SAN JOSE, Calif. - The plot: A deadly earthquake rips through the Hanford nuclear reservation, erupting a graveyard of radioactive waste and releasing a flood of doom that threatens thousands of Tri-Citians.
A Silicon Valley biotech team and its genetically engineered microbes (GEM) join Hanford scientists to combat the deadly advance of 53 million gallons of radioactive waste, which is seeping into the Tri-Cities’ ground water.
Will the microbes save the day?
You will have to read the techno-thriller novel, G.E.M., to find out.
Written by Carol Goode, G.E.M. was inspired by the author’s early interest in life sciences, as well as the decade (1988-1998) her husband John spent as a consultant for the Department of Energy at Hanford. They now live in San Jose, Calif.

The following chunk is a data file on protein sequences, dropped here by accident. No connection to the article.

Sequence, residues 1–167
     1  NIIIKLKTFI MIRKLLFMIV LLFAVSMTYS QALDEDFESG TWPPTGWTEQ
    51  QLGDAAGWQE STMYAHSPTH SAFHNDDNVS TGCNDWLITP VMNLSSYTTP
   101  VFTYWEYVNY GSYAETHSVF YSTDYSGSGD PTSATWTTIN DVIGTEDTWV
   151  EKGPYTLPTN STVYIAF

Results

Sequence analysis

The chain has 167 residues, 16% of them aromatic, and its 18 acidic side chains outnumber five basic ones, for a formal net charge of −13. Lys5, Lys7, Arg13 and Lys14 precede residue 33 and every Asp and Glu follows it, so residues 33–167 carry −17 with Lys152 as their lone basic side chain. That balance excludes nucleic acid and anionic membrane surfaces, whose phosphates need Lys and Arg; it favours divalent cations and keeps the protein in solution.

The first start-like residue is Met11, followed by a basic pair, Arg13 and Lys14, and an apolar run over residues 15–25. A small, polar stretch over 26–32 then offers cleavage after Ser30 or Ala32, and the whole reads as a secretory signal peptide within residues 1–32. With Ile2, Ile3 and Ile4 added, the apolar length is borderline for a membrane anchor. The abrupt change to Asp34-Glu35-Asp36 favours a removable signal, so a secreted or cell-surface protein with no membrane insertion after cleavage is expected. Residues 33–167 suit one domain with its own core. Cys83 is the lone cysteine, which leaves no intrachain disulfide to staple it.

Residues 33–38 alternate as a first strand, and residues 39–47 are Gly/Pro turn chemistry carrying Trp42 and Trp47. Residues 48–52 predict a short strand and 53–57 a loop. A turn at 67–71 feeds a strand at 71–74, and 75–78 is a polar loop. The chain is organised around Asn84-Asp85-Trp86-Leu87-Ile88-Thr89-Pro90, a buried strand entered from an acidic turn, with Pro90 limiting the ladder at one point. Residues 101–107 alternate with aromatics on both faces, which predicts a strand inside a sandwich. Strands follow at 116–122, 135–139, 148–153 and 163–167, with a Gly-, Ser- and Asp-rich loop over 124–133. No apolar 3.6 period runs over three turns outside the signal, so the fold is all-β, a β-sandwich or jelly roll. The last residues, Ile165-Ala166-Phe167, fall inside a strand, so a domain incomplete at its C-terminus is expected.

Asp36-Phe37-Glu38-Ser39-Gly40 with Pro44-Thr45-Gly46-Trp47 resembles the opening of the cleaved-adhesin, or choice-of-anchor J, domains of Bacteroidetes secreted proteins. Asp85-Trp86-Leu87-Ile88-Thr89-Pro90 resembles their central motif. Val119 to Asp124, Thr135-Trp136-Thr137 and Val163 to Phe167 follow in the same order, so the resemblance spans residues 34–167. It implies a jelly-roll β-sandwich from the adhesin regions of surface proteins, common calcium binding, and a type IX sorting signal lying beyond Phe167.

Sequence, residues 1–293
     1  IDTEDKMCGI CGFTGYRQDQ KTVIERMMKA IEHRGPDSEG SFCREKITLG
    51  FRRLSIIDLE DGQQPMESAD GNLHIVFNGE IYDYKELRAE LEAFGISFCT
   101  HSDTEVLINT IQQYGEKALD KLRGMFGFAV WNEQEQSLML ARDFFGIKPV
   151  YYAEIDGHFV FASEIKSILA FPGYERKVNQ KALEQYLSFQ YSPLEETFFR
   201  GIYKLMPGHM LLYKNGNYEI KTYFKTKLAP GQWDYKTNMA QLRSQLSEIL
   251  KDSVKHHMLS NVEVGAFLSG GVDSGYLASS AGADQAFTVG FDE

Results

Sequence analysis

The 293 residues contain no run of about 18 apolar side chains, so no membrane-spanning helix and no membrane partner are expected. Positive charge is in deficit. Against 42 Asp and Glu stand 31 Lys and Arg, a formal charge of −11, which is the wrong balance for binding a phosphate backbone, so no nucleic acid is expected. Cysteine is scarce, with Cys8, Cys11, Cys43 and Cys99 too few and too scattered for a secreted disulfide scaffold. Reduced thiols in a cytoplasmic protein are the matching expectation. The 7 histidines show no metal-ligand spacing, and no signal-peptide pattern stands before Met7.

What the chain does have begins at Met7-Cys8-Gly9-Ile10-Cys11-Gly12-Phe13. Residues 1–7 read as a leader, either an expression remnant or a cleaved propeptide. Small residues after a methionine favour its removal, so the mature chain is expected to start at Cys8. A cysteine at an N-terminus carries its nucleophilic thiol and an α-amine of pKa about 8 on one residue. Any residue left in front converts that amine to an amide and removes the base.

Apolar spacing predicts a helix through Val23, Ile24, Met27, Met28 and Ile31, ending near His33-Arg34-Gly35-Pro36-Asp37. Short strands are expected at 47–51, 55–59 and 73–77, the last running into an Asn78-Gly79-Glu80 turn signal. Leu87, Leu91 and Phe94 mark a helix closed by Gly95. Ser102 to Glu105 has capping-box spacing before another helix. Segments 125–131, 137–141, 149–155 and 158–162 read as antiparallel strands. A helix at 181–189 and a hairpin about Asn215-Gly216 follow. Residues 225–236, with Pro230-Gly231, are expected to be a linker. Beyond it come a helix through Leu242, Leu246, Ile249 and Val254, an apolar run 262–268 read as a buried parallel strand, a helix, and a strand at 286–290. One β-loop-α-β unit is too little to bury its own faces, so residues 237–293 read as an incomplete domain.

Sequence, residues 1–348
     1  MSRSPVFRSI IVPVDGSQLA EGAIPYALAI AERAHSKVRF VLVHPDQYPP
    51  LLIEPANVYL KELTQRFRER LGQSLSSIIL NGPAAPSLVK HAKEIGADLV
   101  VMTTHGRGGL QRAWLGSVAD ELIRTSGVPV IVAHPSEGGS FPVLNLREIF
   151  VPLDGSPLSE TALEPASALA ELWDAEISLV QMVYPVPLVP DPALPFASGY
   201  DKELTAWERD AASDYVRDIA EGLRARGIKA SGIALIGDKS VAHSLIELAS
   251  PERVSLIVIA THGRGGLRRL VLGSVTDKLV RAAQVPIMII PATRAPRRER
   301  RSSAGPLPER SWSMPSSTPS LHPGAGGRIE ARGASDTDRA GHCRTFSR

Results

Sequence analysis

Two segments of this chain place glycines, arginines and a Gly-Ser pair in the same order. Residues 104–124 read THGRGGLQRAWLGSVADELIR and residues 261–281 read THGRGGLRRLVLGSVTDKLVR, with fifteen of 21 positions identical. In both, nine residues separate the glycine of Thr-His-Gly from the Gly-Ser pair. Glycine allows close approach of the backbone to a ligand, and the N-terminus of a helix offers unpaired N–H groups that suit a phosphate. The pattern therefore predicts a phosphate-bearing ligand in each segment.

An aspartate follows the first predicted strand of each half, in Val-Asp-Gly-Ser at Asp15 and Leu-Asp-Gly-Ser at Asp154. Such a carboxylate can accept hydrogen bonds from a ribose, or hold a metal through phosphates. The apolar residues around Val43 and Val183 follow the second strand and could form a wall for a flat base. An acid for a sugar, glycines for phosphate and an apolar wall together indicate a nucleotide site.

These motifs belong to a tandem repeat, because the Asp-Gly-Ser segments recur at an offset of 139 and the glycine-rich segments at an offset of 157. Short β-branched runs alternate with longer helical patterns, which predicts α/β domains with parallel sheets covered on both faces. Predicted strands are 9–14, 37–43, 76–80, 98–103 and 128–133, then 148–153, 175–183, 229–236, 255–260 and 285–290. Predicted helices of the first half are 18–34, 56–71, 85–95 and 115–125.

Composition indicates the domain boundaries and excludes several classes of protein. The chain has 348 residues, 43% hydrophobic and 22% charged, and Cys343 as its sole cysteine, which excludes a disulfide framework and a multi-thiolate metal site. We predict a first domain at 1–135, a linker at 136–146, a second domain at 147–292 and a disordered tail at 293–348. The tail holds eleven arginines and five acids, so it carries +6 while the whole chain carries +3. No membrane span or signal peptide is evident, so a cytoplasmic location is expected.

“When I began conceptualizing the story line for G.E.M., Hanford emerged as the perfect setting for my genetically engineered microbes to work their magic for a good purpose,” Goode said in an interview.
“First, the geological features of the area made an earthquake and radioactive breaching of the aquifers a real possibility,” she said.
“Second, the setting is rich with technology options well-suited for the techno-thriller genre. And finally, it came along with some built-in controversy and strong emotions in the Tri-City community regarding the whole cleanup effort and its economic implications for the area.”
Goode didn’t just draw from her imagination for the book. As a microbiologist, she also had the science background to make the story believable - much like best-selling author and internationally known forensic pathologist Kathy Reichs.
Goode said there’s a real aspect to her story that reflects future scientific breakthroughs.
“The use of living organisms to clean up hazardous situations is referred to as bioremediation, and was most recently in the news for its positive effects on the BP oil spill in the Gulf of Mexico,” she said. “Many of the bacteria mentioned in G.E.M. actually exist, most certainly the superbug Deinococcus radiodurans.”